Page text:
Think about it like this, Ed: San Francisco is your parents, Twitter is your older brother, and you are you. Each week you and your brother, Twitter, are given $40 total for allowance. Disgruntled with such an arrangement, your parents realize $40 for allowance is too steep a price. But, since that was the agreed upon amount, they’re in a pickle. So, what do they do? They use your money to subsidize the money they have to pay to Twitter. So the next week your parents give them $30 and you $10. The week after that, your parents give Twitter $35 and you $5. Until, eventually, you’re given $1 and Twitter is given $39. San Francisco’s total payout is the same, but there is a gross difference in what Ed sees and what Twitter sees.
It’s still early, but it’s very possible we are about to witness a staggering unequal distribution of wealth in the city of San Francisco. What happens when those societies are created? Housing costs go up, poverty rates increase, and diversity declines.
Take, for example—and, keep in mind, these numbers have been adjusted for inflation:
According to the San Francisco Rent Board (SFRB), in 1996, the average cost of a 3-bedroom home in San Francisco was $288,240. By 1998, that number jumped to $361,410. In 1999, to $409,570. In November 2011, the same time the Twitter Tax went into effect, the average cost of a 3-bedroom home was $748,000. As of February 2017, that average had increased to $1,340,000, nearly a $1 million increase in less than 18 years.
Rent prices aren’t immune either. In 1990, the average rent for a 2-bedroom apartment in San Francisco was $975. In 2001, it was $2,400. Today, the median rent price for a 2-bedroom apartment is $4,350. Since 1979, the overall increase in rent is a staggering 452%.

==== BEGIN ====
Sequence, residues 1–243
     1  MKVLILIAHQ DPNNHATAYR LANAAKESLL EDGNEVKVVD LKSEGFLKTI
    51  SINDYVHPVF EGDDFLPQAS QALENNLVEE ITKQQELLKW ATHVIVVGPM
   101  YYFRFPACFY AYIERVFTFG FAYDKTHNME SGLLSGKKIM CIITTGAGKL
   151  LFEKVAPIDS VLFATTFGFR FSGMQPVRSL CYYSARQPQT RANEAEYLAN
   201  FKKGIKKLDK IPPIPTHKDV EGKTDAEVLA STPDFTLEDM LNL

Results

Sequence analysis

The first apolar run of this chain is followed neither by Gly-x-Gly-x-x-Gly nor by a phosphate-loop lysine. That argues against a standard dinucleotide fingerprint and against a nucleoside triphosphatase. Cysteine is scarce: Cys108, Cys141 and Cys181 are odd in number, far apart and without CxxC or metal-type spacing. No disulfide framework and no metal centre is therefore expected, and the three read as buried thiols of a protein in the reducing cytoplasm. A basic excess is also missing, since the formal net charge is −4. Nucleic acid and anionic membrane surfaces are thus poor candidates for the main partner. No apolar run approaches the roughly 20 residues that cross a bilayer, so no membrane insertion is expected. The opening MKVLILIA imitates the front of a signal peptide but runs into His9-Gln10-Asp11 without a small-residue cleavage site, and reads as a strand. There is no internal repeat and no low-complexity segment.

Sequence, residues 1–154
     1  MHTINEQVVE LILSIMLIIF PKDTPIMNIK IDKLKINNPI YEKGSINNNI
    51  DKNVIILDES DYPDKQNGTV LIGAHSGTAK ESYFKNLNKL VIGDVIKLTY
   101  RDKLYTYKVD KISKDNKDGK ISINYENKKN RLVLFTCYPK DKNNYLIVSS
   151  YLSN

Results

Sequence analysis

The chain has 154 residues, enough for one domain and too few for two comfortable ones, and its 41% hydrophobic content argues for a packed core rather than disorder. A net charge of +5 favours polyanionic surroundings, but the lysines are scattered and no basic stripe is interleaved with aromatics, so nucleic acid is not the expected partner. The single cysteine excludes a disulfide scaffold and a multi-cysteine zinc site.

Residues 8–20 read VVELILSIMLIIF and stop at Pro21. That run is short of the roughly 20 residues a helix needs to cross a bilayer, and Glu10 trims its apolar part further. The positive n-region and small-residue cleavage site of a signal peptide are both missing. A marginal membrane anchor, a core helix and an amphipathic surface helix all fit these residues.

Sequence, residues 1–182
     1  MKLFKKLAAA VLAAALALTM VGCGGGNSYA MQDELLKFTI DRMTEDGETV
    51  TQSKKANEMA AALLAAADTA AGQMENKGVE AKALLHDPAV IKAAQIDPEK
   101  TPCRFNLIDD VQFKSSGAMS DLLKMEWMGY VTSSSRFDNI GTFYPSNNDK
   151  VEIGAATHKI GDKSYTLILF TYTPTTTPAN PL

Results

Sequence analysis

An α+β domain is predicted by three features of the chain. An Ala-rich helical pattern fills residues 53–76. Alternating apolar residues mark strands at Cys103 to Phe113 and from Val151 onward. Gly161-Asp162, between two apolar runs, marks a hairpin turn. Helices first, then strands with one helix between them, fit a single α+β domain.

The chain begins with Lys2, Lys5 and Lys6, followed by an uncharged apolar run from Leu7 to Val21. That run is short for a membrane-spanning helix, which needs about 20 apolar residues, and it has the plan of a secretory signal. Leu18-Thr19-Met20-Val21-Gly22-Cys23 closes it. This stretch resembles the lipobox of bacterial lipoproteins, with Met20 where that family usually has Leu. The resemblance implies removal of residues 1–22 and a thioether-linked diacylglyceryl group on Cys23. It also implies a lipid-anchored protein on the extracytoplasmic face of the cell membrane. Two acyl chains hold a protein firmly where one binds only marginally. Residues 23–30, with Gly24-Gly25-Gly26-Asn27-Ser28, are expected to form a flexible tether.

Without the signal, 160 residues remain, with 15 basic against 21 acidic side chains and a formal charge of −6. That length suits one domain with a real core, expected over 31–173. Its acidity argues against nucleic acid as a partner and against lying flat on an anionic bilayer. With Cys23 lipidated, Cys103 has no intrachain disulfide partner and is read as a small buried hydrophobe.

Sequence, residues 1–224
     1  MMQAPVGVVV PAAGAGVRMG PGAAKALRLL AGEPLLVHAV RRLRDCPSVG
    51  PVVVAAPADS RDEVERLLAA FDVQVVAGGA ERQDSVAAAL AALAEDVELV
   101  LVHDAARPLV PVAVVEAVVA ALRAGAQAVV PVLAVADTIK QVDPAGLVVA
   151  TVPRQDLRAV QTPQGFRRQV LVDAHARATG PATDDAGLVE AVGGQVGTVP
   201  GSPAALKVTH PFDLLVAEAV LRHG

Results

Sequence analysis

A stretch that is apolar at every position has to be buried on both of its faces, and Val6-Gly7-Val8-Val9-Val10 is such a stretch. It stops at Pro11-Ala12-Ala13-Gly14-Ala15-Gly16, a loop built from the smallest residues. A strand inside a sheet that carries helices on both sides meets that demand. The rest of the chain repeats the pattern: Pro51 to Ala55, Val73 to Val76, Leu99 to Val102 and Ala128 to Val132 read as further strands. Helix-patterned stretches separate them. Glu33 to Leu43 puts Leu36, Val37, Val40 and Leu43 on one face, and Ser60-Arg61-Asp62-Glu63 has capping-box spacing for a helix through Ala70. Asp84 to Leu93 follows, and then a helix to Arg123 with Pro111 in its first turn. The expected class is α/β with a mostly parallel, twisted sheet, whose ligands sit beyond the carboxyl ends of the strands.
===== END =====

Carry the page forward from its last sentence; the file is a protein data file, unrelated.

Despite being one of the world’s wealthiest regions, there were 829,547 people living in poverty in the Bay Area in 2013. This is just over 11.3% of the region’s total population. In 2015, San Francisco had the highest poverty rate in the Bay Area, with an estimated 12% of its population living below the poverty line. In 2007, the poverty rate in San Francisco was just 9%.
And, according to the Silicon Valley Institute for Regional Studies:
With rents in some parts of the Bay Area 185% higher, home prices 250% higher, and the cost of goods and services 6% higher than in the United States as a whole—the ‘cost of living’ is undoubtedly different. As such, the poverty rate in the Bay Area could be as much as 3-4% points higher.
Between 2007 and 2013, the income ratio of highest earners to the lowest earners increased by 15.5% in the Bay Area, and the gap between high and low income households is much wider ($263,000 compared to $178,000 in the U.S.)
In the Bay Area, income inequality is partly a result of declines in shares of middle-income households. The share of middle-income households declined by 3.7% in the Bay Area between 2007 and 2013—nearly a 20% sharper increase than the U.S. average.
Twitter, though, has given back. They’ve opened a $3 million community center called NeighborNest, which provides access to computer technology, education, and training. However, NeighborNest provides only clients of their community-based partners such access.
They have an Ads for Good program, which offers non-profits a way to leverage the Twitter advertising platform to amplify their message. However, this program is by invitation only.
Reading the Twitter community initiatives is like reading the amenities of a hotel you could never afford.
We, at Pecorino & Eggs, don’t blame Twitter. We don’t blame Square, or Uber, or Zendesk. We don’t even blame Ed Lee. But trends are trends for a reason, and there doesn’t appear to be an end in sight for San Francisco. Tax breaks are becoming more prevalent for the rich and more astronomical for major tech companies. Poverty levels refuse to decrease. And people are being forced out of their homes, many of them middle-class, unable to afford the skyrocketing rent prices.
Mr. Mayor, it’s time to admit San Francisco’s middle class is at risk of extinction and fix the problem on your city’s horizon.